Tyndale House Publishers Best Sellers and a Little History: 1962-2012

This year Tyndale House Publishers celebrates their 50th anniversary. At the International Christian Retail Show Tyndale presented attendees of the CBA member lunch with a copy of The Tyndale House 50th Anniversary Reader. It is a beautiful book with selections from many of their publications. I started browsing through it and found it much more interesting that I initially thought I would. There are many stories of how books came to see the light of publication. One story in particular caught my interest. It is the story behind The One Year Bible. This was the brain child of Ken Taylor himself. He knew many people wanted to read through the Bible but never made it through to the end. Many, in fact, gave up after the first few books. He devised a plan of dividing the Bible into 365 daily readings “with each day’s portion including a few chapters from the Old Testament, a chapter from the New Testament, a Psalm, and a few verses from Proverbs.” (439) Ken discussed this with his staff but they were not convinced. They didn’t think anyone would like the Bible all chopped up like that. But Ken did not give up. Mark Taylor, Ken’s son, says,

“Dad did not play the ‘owner’s card’ very often. He was usually willing to listen to counsel from others. But this time he responded in his quiet, gravelly voice, ‘Well, I’d like to try it anyway.’ So what could we do? After all, he did own the company.” (440)

Well, by “the time the first printing of five thousand copies arrived the printer, they had all been presold, and a second printing was quickly arranged.” (440) After that Tyndale approached Zondervan to do a NIV version and Zondervan agreed. The first version was done with The Living Bible in 1985. The NIV was done in 1986, the KJV and The Catholic Living Bible in 1987, the New American Standard in 1989, the New King James Version in 1992, the New Living Translation in 1996 and the English Standard Version in 2005. Needless to say this was a huge success. Ken Taylor’s insistence paid off and thousands of people have been successful in reading through the Bible in a year using this format. I did it three consecutive years using the NLT and it’s my preferred method for reading through the Bible in a year. Here’s one bit of information I found especially interesting.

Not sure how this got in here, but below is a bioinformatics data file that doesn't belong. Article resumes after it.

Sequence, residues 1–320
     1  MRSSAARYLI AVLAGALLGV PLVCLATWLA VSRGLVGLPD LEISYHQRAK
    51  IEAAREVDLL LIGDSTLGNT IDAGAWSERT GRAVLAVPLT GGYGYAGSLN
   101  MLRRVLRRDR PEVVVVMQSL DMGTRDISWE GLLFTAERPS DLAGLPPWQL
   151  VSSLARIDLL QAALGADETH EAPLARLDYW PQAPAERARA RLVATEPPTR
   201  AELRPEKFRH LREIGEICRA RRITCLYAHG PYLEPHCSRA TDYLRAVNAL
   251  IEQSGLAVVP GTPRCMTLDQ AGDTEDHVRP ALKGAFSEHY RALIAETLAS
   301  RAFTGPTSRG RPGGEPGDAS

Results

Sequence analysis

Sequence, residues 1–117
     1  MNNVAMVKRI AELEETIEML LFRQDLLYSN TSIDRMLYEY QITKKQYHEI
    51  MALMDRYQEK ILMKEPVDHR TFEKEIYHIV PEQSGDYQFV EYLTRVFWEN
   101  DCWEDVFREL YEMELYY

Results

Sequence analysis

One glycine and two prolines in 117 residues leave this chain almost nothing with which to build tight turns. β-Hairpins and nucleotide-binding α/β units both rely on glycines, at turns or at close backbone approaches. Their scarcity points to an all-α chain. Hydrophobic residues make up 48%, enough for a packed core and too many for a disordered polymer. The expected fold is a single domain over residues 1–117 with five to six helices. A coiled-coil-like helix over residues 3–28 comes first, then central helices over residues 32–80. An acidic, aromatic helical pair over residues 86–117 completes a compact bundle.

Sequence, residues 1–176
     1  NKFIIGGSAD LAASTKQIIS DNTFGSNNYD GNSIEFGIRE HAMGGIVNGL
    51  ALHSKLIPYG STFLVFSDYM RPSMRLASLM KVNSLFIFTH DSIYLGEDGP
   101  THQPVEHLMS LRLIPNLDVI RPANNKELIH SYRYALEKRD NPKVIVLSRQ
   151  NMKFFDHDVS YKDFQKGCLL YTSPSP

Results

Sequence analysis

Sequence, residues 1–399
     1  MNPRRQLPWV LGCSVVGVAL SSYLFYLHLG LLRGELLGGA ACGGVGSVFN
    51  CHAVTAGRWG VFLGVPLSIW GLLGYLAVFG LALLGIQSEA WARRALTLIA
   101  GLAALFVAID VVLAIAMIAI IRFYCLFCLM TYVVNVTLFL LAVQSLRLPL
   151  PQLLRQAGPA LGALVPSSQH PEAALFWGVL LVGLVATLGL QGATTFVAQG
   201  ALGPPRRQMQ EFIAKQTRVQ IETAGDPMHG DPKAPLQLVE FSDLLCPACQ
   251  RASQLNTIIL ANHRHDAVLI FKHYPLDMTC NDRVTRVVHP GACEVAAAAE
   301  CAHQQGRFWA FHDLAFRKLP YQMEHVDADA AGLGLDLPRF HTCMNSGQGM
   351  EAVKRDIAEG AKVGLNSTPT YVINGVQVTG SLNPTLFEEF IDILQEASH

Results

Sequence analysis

“Mark Taylor remembers an interesting sidelight regarding the very first printing of The One Year Bible. Just before the typesetting was started, there was a discussion among various Tyndale staffers as to whether readers would be discouraged on their very first day by having to wade through the genealogy in Matthew 1:1-17. Someone suggested that perhaps we should skip it altogether. When the books arrived from the printer, they did not contain the genealogy verses, but whether or not this was Ken Taylor’s actual intention has been lost to history. Nevertheless, the omission seemed significant, so the type was reset in time for the second printing. The genealogy has been included in the January 1 reader ever since.”

At the back of the book is a listing of some of the best sellers. Here are just a few with the year of publication in parentheses:

Books with sales of 10 million copies

Power for Living, by Jamie Buckingham, (1998)

More Than a Carpenter, by Josh McDowell (1977)

The Book of Hope, compiled by Tyndale editors (1999)

Series with sales of 50 million copies

Left Behind (16 titles), Tim LaHaye & Jerry B. Jenkins (1995-2007)

Series with sales of 10 million copies

Left Behind: The Kids (40 titles), Jerry B. Jenkins & Tim LaHaye with Chris Fabry (1998-2004)

Bible translations with sales of 40 million copies

The Living Bible paraphrased by Ken Taylor (1971)

Bible translations with sales of 25 million copies

Holy Bible, The New Living Translation by the NLT Bible Translation Committee (1996, 2004, 2007)


About Louis

I am a 1997 graduate of Trinity Evangelical Divinity School.
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3 Responses to Tyndale House Publishers Best Sellers and a Little History: 1962-2012

  1. Clay Knick says:

    Great story! Thanks for sharing this. I’d love to have a copy of that book.


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